Boundary conditions used for fuelcell simulations. 3.12to the Problem of Cold Start 1.1 PolymerElectrolyte Fuelin Polymer Electrolyte Fuel Cells II. Parametric Study,

Balliet, Ryan

2010-01-01T23:59:59.000Z

439

Electrode/electrolyte interface. A status report  

SciTech Connect (OSTI)

This is a report of a workshop on the [open quotes]state of the art[close quotes] and potential future directions in the study of the electrode/electrolyte interface. Recent advances in experimental capabilities of characterizing the structure of the interface, e.g., through the use of such techniques as scanning tunneling microscopy and X-ray methods, are described. New approaches to studies of interfacial dynamics and materials aspects of the electrode/electrolyte interface are also discussed. 346 refs., 17 figs.

Bard, A.J. (Univ. of Texas, Austin (United States)); Abruna, H.D. (Cornell Univ., Ithaca, NY (United States)); Chidsey, C.E. (Stanford Univ., CA (United States)); Faulkner, L.R. (Univ. of Illinois, Urbana-Champaign (United States)); Feldberg, S.W. (Brookhaven National Lab., Upton, NY (United States)); Itaya, Kingo (Tohoku Univ., Sendai (Japan)); Majda, M. (Univ. of California, Berkeley (United States)); Melroy, O. (IBM Almaden Research Center, San Jose, CA (United States)); Murray, R.W. (Univ. of North Carolina, Chapel Hill (United States)); Porter, M.D. (Iowa State Univ., Ames (United States)); Soriaga, M.P. (Texas A M Univ., College Station (United States)); White, H.S. (Univ. of Utah, Salt Lake City (United States))

1993-07-15T23:59:59.000Z

440

Solid electrolytes strengthened by metal dispersions  

DOE Patents [OSTI]

An improvement in solid electrolytes of advanced secondary batteries of the sodium-sulfur, sodium-halogen, and like combinations is achieved by providing said battery with a cermet electrolyte containing a metal dispersion ranging from 0.1 to 10.0 vol. % of a substantially nonreactive metal selected from the group consisting essentially of Pt, Cr, Fe, Co, Ni, Nb, their alloys, and their physical mixtures in the elemental or uncombined state, the remainder of said cermet being an ion-conductive ceramic material.

Lauf, R.J.; Morgan, C.S.

1981-10-05T23:59:59.000Z

Note: This page contains sample records for the topic "aqueous electrolyte solutions" from the National Library of EnergyBeta (NLEBeta).
While these samples are representative of the content of NLEBeta,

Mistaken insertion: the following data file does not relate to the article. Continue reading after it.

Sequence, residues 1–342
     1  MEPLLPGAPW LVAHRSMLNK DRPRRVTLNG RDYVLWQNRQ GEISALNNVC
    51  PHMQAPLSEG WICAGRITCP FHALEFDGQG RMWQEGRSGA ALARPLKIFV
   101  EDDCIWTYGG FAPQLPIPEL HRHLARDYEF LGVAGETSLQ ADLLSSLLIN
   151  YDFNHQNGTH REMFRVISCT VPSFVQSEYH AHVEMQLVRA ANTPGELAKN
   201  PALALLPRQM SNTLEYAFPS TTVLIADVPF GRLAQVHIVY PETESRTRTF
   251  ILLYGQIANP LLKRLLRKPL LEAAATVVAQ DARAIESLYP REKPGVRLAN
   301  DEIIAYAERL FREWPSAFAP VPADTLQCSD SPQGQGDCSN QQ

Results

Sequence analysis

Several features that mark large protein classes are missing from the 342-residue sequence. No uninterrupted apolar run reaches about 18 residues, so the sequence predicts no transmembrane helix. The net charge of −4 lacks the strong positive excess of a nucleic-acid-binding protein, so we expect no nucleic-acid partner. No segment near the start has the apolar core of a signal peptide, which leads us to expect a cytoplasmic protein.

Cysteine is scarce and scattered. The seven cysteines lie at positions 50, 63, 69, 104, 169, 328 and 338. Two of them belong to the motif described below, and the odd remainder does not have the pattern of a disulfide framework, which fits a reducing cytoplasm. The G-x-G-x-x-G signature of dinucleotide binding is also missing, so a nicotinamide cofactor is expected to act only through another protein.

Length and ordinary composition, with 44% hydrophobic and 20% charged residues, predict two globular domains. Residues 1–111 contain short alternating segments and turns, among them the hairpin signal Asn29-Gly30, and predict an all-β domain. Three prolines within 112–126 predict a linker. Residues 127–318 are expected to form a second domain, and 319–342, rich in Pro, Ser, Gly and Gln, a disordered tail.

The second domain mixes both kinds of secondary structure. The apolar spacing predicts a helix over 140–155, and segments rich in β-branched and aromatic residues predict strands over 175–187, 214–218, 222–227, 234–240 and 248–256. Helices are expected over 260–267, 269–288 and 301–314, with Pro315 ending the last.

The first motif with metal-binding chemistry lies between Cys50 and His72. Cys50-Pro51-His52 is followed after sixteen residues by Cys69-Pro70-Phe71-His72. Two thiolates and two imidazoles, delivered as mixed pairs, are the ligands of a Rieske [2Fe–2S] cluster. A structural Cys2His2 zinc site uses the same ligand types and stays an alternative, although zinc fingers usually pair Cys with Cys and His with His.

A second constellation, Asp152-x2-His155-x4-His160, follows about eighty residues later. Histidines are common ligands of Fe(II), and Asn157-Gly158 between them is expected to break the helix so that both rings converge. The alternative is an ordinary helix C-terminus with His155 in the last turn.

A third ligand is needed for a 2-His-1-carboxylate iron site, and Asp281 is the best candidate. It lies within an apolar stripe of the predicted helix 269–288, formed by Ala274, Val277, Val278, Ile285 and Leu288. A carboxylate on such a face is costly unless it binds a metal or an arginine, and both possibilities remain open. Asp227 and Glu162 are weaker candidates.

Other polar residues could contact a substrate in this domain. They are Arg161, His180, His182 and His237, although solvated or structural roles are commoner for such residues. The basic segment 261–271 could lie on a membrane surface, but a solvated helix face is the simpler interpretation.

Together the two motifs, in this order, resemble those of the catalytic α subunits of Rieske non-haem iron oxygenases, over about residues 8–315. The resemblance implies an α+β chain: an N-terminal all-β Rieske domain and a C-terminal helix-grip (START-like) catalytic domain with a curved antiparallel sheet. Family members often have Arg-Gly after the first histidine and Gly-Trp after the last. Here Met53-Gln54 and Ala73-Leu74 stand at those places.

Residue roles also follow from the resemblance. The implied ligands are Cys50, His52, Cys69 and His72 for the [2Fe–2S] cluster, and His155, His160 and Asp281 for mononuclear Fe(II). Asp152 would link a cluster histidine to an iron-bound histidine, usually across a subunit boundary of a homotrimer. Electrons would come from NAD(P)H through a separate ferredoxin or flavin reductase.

they are not comprehensive nor are they the most current set.
We encourage you to perform a real-time search of NLEBeta
to obtain the most current and comprehensive results.


441

Solid electrolytes strengthened by metal dispersions  

DOE Patents [OSTI]

An improvement in solid electrolytes of advanced secondary batteries of the sodium-sulfur, sodium-halogen, and like combinations is achieved by providing said battery with a cermet electrolyte containing a metal dispersion ranging from 0.1 to 10.0 vol. % of a substantially nonreactive metal selected from the group consisting essentially of Pt, Cr, Fe, Co, Ni, Nb, their alloys, and their physical mixtures in the elemental or uncombined state, the remainder of said cermet being an ion-conductive ceramic material.

Lauf, Robert J. (Oak Ridge, TN); Morgan, Chester S. (Oak Ridge, TN)

1983-01-01T23:59:59.000Z

442

Solid composite electrolytes for lithium batteries  

DOE Patents [OSTI]

Solid composite electrolytes are provided for use in lithium batteries which exhibit moderate to high ionic conductivity at ambient temperatures and low activation energies. In one embodiment, a polymer-ceramic composite electrolyte containing poly(ethylene oxide), lithium tetrafluoroborate and titanium dioxide is provided in the form of an annealed film having a room temperature conductivity of from 10.sup.-5 S cm.sup.-1 to 10.sup.-3 S cm.sup.-1 and an activation energy of about 0.5 eV.

Kumar, Binod (Dayton, OH); Scanlon, Jr., Lawrence G. (Fairborn, OH)

2001-01-01T23:59:59.000Z

443

2007 Status of Manufacturing: Polymer Electrolyte Membrane (PEM) Fuel Cells  

SciTech Connect (OSTI)

In this document we assess the North American industry's current ability to manufacture polymer electrolyte membrane (PEM) fuel cells.

Wheeler, D.; Sverdrup, G.

2008-03-01T23:59:59.000Z

444

Protective interlayer for high temperature solid electrolyte electrochemical cells  

DOE Patents [OSTI]

A high temperature, solid electrolyte electrochemical cell is made, having a first and second electrode with solid electrolyte between them, where the electrolyte is formed by hot chemical vapor deposition, where a solid, interlayer material, which is electrically conductive, oxygen permeable, and protective of electrode material from hot metal halide vapor attack, is placed between the first electrode and the electrolyte, to protect the first electrode from the hot metal halide vapors during vapor deposition.